- Special Sections
Improved soil health, competitive yields during dry seasons and increased farm income are some of the benefits of energy beets that farmers will learn about during plot tours being held across North Dakota in August and September.
Energy beets are sugar beets bred for the biofuel market and for industrial purposes, used to create ethanol and high-value chemicals. Representatives from the energy beet project will discuss the project research so far, the positive impact to soil health, the cropâ€™s tolerance to dry and saline soils, and the progress on commercializing this new industrial crop.
Everyone is welcome to attend the plot tours, including growers and members of the community.
Barnes County Extension Agent Randy Grueneich said Monday the Litchville site has been operating about two years, and the site near Dazey is relatively new. He said the trials are important to get yield data so federal crop insurance will be available to farmers risking the new crop.
Sugar beets are not a traditional crop in Barnes County, but, Grueneich said, "I've been pleasantly surprised with some excellent yields," at the Dazey and Litchville sites.
One of the scheduled tours will be in Barnes County, from 9:30 a.m. on Tuesday, Aug. 20, at Dennis Nelson Farms.
The demonstration and yield trial plots include both dryland and irrigated sites across the state, and this is the fourth year for some of the plots. This yearâ€™s irrigated sites are near Dazey/Hannaford, Carrington, Oakes, Williston and Turtle Lake, and the dryland locations are near Dazey/Hannaford, Carrington, Spiritwood, Langdon, Litchville, Harvey and Colgate. Additional plots in other areas were planned but cancelled due to the late spring or chemical carry-over problems.
â€śThe plot research so far shows that energy beets can produce high yields in many different soil types and conditions, outside of the traditional production areas of the Red River Valley,â€ť said Blaine Schatz, director of the North Dakota State University Carrington Research Extension Center. â€śThat includes the extremely dry conditions experienced in some areas of North Dakota in 2012. Despite below-average rainfall at many of the trial sites last summer, the root yields and sugar content results often were as good, or better, than our trials in previous years.â€ť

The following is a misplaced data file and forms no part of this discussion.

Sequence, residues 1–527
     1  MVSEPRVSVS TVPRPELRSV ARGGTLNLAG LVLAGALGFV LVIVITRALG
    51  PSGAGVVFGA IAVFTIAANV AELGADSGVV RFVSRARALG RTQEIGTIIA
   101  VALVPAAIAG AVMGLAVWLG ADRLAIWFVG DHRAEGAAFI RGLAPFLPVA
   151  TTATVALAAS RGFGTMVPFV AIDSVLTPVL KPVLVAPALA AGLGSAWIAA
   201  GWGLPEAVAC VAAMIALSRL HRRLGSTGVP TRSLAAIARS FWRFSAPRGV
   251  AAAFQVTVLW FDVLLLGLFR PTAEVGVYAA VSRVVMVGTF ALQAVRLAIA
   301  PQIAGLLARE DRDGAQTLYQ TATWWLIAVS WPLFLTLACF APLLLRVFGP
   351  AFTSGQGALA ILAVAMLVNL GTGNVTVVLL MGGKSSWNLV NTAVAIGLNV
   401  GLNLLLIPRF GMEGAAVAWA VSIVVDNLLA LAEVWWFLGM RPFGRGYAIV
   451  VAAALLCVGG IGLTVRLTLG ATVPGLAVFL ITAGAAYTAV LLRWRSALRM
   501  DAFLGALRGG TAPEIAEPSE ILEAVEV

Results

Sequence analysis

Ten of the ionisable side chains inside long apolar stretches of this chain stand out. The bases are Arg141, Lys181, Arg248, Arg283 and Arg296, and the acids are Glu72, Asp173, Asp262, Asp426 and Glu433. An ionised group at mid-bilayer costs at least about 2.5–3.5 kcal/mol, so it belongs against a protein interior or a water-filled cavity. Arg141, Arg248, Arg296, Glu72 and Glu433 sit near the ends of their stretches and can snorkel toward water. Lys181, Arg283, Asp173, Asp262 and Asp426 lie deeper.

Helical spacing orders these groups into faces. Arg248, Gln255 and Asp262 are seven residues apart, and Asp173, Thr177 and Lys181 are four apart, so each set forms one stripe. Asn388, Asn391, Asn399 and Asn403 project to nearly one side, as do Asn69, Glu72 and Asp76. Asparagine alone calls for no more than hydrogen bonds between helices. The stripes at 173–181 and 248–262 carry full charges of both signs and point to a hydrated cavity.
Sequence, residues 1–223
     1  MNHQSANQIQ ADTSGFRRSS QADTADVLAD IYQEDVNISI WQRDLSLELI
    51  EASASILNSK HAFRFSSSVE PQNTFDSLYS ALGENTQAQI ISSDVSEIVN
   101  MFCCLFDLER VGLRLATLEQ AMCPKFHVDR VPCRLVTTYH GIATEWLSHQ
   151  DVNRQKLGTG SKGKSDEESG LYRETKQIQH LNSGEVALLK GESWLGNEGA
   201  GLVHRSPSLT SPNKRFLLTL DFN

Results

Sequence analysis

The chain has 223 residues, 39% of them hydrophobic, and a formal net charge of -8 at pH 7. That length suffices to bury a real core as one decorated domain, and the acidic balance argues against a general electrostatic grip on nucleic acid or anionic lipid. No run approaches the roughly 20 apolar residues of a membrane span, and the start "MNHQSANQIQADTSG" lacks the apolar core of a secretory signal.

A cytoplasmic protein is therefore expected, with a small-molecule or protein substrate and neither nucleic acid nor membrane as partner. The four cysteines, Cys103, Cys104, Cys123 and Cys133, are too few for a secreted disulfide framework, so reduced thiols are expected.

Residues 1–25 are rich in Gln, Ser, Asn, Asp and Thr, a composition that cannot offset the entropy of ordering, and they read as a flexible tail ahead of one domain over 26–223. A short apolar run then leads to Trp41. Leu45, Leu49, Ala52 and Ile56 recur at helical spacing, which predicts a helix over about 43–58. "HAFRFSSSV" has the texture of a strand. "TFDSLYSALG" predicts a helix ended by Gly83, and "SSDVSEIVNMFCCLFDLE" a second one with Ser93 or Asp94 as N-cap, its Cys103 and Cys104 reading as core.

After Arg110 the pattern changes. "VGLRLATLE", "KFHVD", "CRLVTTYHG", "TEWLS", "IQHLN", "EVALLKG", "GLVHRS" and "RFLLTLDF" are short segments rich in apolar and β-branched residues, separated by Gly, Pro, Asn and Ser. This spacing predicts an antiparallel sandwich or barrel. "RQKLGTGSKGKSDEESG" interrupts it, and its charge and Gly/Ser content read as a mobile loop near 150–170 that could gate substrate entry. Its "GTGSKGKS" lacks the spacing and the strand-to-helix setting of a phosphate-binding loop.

Along with tolerating dry soils, energy beets also can help farmers by improving soil health.
â€śGrowers can expect energy beets to contribute toward improved soil health because the tap root penetrates as deep as six feet to use nutrients, nitrogen and water that most other crops donâ€™t reach,â€ť Schatz says. â€śEnergy beets also improve internal soil drainage and are relatively tolerant to saline soils, plus they have a relatively low nitrogen requirement. Growers who add energy beets into a four-year rotation could expect another profitable income opportunity.â€ť
The energy beet project is a partnership between Green Vision Group and Heartland Renewable Energy with research by North Dakota State University. Test plots are sponsored by Betaseed and Syngenta-Hilleshog, who produce seeds for this variety of sugar beet. Additional funding is provided by the North Dakota Renewable Energy Council, the North Dakota Agricultural Products Utilization Commission and many communities and private companies.
GVG President Maynard Helgaas said the project is in its final research phase, which will contribute to future commercialization efforts. Besides the trial plots, other research efforts conducted by NDSU focus on feedstock storage methods that enable year-round processing and front-end processing methods that maximize sugar yields and minimize costs.
â€śEnergy beets will benefit rural North Dakota communities, because the processing facilities we are envisioning will create many quality jobs and support local production,â€ť Helgaas said. Each plant could create 23 jobs and require 30,000 acres of energy beets for feedstock, he said.
For more information about the energy beet project, visit www.beetsallbiofuel.com.
To reach the Litchville site at the Dennis Nelson Farms, travel 2.5 miles east of the Litchville sign on ND Hwy. 46 (plot on north side of road).
Read this story in Tuesday's Times-Record.